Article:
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Bacteriophage
A bacteriophage (/ˈbækˈtɪərioʊˌfeɪdʒ/), also known informally as a phage (/feɪdʒ/), is a virus that infects and replicates within Bacteria
Bacteria
and Archaea. The term was derived from "bacteria" and the Greek: φαγεῖν (phagein), "to devour". Bacteriophages are composed of proteins that encapsulate a DNA
DNA
or RNA
RNA
genome, and may have relatively simple or elaborate structures. Their genomes may encode as few as four genes, and as many as hundreds of genes. Phages replicate within the bacterium following the injection of their genome into its cytoplasm. Bacteriophages are among the most common and diverse entities in the biosphere.[1] Bacteriophages are ubiquitous viruses, found wherever bacteria exist
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Inoviridae
Inoviridae is a family of viruses
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Lipothrixviridae
Lipothrixviridae is a family of viruses in the order Ligamenvirales. Thermophilic
Thermophilic
archaea in the kingdom Crenarchaeota
Crenarchaeota
serve as natural hosts
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Archaea
Paleoarchean
Paleoarchean
or perhaps Eoarchean
Eoarchean
– recent Halobacterium
Halobacterium
sp. strain NRC-1, each cell about 5 μm longScientific classification Domain: Archaea Woese, Kandler & Wheelis, 1990[1]Kingdoms[3] and phyla[4]"Euryarchaeota" Woese et al. 1990"Methanopyri" Garrity and Holt 2002 "Methanococci" Boone 2002 "Eurythermea" Cavalier-Smith 2002[2] "Neobacteria" Cavalier-Smith 2002[2]"DPANN""ARMAN""Micrarchaeota" Baker et al. 2010 "Parvarchaeota" Rinke et al. 2013"Aenigmarchaeota" Rinke et al. 2013 "Diapherotrites" Rinke et al. 2013 "Nanoarchaeota" Huber et al. 2002 "Nanohaloarchaeota" Rinke et al. 2013 "Pacearchaeota" Castelle et al. 2015 "Woesearchaeota" Castelle et al. 2015"Proteoarchaeota" Petitjean et al. 2014"TACK""Aigarchaeota" Nunoura et al. 2011 "Bathyarchaeota" Meng et al
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Soviet Union
The Soviet Union
Soviet Union
(Russian: Сове́тский Сою́з, tr. Sovétsky Soyúz, IPA: [sɐˈvʲɛt͡skʲɪj sɐˈjus] ( listen)), officially the Union of Soviet Socialist Republics (Russian: Сою́з Сове́тских Социалисти́ческих Респу́блик, tr. Soyúz Sovétskikh Sotsialistícheskikh Respúblik, IPA: [sɐˈjus sɐˈvʲɛtskʲɪx sətsɨəlʲɪsˈtʲitɕɪskʲɪx rʲɪˈspublʲɪk] ( listen)), abbreviated as the USSR (Russian: СССР, tr. SSSR), was a socialist state in Eurasia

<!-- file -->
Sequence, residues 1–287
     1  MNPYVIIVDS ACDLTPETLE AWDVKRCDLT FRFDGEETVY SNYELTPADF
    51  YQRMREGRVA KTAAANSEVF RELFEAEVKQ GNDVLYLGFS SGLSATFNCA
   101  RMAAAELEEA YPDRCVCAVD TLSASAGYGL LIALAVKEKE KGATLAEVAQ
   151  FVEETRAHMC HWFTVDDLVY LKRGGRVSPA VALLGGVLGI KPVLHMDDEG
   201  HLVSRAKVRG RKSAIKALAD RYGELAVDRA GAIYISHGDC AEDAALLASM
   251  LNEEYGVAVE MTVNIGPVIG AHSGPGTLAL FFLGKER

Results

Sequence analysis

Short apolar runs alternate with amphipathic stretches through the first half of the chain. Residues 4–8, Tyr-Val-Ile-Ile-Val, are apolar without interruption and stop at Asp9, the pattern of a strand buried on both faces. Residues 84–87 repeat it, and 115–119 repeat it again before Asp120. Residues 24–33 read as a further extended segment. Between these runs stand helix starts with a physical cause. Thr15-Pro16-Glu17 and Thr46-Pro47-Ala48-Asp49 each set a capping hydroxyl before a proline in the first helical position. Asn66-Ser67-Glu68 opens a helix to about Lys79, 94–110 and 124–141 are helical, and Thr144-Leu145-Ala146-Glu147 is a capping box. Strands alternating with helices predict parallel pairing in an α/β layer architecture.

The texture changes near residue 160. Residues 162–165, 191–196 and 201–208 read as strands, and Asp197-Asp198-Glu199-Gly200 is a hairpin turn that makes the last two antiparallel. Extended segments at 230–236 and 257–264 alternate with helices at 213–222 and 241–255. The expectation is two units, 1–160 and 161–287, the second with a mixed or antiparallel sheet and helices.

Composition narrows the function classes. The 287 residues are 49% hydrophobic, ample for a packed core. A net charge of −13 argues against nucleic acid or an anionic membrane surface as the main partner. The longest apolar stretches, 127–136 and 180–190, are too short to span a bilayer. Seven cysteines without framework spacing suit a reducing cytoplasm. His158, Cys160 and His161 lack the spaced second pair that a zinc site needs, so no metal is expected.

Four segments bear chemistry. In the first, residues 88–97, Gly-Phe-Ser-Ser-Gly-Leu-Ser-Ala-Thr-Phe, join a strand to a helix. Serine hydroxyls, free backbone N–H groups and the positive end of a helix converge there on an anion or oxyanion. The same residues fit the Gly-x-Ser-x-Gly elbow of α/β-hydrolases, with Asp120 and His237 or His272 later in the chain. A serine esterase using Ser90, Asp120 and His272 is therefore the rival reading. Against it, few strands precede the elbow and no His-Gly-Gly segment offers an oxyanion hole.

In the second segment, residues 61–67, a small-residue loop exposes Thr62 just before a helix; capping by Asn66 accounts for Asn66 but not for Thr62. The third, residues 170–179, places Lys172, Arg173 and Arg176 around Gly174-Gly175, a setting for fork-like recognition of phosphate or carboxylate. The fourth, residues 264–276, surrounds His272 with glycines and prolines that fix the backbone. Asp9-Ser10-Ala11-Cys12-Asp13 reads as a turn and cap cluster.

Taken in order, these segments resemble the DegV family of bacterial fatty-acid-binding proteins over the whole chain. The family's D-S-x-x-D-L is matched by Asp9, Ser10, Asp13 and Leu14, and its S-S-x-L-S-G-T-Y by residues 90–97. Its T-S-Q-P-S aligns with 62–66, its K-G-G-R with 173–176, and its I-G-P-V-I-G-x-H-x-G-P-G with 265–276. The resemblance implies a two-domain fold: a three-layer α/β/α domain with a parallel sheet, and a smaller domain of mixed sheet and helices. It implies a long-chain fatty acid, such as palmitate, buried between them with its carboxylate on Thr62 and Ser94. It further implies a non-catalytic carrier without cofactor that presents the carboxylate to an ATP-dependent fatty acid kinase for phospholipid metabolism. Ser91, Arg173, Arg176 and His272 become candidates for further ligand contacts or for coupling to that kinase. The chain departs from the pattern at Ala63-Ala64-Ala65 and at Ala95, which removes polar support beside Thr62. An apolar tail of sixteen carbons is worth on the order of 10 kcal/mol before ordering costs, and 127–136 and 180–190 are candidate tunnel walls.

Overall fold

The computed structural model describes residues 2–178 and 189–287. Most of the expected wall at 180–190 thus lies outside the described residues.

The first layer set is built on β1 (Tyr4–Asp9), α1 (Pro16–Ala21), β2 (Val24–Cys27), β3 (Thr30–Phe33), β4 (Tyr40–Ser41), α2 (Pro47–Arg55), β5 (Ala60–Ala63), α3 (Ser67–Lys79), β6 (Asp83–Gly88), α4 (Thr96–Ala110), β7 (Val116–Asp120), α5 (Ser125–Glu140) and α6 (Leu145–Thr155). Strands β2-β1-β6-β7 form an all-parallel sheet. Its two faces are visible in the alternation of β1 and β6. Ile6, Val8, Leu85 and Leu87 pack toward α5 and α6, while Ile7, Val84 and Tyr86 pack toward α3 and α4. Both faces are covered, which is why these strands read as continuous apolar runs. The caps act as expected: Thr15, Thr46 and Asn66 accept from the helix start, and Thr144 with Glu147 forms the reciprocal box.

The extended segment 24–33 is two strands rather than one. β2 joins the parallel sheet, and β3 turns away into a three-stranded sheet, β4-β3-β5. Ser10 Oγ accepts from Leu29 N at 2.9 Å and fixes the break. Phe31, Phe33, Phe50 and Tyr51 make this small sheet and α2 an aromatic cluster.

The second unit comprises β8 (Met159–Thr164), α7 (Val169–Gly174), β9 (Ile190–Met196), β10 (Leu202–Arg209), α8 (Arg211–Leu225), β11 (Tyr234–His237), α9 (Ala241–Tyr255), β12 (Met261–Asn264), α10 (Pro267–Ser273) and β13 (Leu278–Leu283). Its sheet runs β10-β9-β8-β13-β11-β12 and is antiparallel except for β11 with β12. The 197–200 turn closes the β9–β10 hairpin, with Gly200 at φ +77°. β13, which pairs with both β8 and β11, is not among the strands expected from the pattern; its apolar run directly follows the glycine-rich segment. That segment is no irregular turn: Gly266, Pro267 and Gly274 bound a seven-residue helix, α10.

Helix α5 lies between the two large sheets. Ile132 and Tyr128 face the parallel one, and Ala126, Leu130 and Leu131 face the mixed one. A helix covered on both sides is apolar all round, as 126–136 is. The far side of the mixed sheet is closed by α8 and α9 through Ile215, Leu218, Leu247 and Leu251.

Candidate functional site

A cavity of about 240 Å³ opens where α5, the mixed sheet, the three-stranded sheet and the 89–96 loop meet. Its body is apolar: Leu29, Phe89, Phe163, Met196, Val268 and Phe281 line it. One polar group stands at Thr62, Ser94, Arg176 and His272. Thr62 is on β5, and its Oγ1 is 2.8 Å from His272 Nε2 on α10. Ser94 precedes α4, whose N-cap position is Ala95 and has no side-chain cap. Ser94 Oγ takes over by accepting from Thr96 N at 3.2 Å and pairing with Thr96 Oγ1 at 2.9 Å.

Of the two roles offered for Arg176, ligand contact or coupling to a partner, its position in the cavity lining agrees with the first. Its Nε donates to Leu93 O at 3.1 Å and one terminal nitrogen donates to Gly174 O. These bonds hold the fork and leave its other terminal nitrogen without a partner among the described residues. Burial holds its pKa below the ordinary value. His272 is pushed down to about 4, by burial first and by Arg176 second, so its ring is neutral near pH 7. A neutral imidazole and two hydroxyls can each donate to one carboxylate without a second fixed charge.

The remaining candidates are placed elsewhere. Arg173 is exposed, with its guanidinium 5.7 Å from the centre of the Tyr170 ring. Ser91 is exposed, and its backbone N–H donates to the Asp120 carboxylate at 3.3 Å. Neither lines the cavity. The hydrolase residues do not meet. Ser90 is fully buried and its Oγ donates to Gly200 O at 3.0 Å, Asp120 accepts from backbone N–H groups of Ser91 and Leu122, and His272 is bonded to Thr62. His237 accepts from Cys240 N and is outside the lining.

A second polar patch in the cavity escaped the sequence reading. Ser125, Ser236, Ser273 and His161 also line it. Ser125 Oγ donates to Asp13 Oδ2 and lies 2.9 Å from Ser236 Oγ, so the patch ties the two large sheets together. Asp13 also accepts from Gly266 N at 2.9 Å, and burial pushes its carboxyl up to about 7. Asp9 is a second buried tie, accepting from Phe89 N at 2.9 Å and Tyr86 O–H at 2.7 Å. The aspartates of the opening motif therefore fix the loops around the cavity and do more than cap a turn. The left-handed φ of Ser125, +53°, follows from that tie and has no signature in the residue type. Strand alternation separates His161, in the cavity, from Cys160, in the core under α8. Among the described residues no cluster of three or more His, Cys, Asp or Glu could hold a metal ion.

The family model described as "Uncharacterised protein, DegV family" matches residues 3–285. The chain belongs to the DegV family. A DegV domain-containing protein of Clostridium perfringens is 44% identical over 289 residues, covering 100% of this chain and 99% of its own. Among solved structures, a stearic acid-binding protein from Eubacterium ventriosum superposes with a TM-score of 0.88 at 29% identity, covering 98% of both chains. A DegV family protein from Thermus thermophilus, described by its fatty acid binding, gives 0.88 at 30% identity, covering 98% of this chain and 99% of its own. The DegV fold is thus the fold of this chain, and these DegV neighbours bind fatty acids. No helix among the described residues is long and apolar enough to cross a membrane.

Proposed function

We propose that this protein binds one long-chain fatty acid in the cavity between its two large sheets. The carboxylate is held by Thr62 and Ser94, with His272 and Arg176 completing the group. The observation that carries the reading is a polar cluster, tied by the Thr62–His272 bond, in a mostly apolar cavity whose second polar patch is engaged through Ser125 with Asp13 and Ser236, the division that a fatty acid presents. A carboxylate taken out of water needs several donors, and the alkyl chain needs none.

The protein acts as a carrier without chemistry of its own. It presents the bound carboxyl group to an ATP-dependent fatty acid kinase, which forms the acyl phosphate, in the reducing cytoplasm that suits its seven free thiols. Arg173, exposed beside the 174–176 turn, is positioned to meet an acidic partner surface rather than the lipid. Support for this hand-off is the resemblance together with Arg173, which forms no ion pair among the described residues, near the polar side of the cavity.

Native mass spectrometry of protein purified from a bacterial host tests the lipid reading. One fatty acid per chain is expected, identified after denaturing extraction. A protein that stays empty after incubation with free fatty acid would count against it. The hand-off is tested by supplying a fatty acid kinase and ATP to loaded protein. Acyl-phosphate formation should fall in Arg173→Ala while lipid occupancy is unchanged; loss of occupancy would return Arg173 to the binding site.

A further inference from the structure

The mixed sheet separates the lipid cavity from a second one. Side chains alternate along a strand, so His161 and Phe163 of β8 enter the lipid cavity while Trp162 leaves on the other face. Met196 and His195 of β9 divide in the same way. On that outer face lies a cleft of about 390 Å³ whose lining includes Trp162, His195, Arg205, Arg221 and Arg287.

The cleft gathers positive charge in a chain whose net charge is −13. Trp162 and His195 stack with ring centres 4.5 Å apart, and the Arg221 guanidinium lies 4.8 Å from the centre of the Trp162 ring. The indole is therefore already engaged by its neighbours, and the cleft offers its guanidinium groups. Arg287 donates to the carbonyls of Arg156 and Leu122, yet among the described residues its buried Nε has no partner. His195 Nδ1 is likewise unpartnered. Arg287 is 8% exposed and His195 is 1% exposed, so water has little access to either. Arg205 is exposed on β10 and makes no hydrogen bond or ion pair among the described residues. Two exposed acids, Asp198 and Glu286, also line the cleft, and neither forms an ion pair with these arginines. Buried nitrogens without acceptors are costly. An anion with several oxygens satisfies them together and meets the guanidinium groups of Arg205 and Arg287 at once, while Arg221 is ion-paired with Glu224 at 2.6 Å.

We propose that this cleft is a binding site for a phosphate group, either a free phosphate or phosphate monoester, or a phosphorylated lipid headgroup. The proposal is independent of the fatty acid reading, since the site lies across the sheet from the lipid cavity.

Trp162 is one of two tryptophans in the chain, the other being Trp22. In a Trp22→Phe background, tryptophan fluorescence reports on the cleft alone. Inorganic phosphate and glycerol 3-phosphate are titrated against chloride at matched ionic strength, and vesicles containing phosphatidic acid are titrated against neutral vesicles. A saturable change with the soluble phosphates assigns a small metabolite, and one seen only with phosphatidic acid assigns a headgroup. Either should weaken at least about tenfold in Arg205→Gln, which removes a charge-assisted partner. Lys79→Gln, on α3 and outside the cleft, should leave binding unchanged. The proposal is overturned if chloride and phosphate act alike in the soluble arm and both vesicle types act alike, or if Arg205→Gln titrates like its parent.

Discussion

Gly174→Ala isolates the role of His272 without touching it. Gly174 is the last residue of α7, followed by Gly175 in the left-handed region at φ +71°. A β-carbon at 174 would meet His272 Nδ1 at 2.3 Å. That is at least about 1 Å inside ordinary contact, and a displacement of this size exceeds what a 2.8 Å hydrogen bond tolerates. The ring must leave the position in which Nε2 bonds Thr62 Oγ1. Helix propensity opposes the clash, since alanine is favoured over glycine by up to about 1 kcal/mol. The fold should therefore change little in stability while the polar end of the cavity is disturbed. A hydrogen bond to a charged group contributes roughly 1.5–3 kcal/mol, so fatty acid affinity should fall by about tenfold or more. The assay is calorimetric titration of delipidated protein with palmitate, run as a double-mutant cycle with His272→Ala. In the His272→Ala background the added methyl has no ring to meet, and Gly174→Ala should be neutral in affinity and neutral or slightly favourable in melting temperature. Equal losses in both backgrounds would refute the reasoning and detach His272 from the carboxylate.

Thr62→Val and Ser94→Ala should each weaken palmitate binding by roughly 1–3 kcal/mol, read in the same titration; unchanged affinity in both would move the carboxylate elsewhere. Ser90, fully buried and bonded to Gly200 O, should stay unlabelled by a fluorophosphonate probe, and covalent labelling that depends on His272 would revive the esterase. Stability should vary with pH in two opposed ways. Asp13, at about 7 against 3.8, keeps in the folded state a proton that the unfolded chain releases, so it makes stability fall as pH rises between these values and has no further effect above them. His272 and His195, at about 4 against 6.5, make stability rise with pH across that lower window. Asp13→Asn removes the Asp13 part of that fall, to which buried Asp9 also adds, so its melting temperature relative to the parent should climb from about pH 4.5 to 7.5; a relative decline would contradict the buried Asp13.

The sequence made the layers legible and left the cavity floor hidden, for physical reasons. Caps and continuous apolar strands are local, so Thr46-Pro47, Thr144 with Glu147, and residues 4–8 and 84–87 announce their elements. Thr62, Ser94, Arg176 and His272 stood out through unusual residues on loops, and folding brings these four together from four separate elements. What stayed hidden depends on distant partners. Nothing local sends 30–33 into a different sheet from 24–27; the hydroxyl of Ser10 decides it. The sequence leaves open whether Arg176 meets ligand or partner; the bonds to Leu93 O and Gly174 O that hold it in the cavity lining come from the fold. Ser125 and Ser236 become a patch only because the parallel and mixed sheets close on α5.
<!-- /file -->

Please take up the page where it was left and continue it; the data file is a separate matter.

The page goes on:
Eurasia
that existed from 1922 to 1991. Nominally a union of multiple national Soviet republics,[a] its government and economy were highly centralized. The country was a one-party state, governed by the Communist Party with Moscow
Moscow
as its capital in its largest republic, the Russian Soviet Federative Socialist Republic
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Ligamenvirales
Ligamenvirales is an order of linear viruses that infect archaea of the kingdom Crenarchaeota
Crenarchaeota
and have double-stranded DNA genomes.[1] The order was established by D. Prangishvili and M. Krupovic in 2012. The name is derived from the Latin
Latin
ligamen, meaning string or thread. Taxonomy[edit] There are two families in this order – Lipothrixviridae and Rudiviridae. The virons are filamentous with a helical nucleocapsid. At either end are attached either fibers or more complex structures involved in host adhesion. The major coat proteins of both lipothrixviruses and rudiviruses have an unusual four-helix bundle topology.[2] Viruses from the two families share up to ten genes. The genome is non segmented linear double stranded DNA. References[edit]^ Prangishvili D, Krupovic M (2012). "A new proposed taxon for double-stranded DNA viruses, the order "Ligamenvirales"". Arch Virol. 157 (4): 791–795
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Biosphere
The biosphere (from Greek βίος bíos "life" and σφαῖρα sphaira "sphere") also known as the ecosphere (from Greek οἶκος oîkos "environment" and σφαῖρα), is the worldwide sum of all ecosystems. It can also be termed the zone of life on Earth, a closed system (apart from solar and cosmic radiation and heat from the interior of the Earth), and largely self-regulating.[1] By the most general biophysiological definition, the biosphere is the global ecological system integrating all living beings and their relationships, including their interaction with the elements of the lithosphere, geosphere, hydrosphere, and atmosphere
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Cytoplasm
In cell biology, the cytoplasm is the material within a living cell, excluding the cell nucleus. It comprises cytosol (the gel-like substance enclosed within the cell membrane) and the organelles – the cell's internal sub-structures. All of the contents of the cells of prokaryotic organisms (such as bacteria, which lack a cell nucleus) are contained within the cytoplasm. Within the cells of eukaryotic organisms the contents of the cell nucleus are separated from the cytoplasm, and are then called the nucleoplasm. The cytoplasm is about 80% water and usually colorless.[1] The submicroscopic ground cell substance or cytoplasmatic matrix which remains after exclusion the cell organelles and particles is groundplasm
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Acidianus Filamentous Virus 1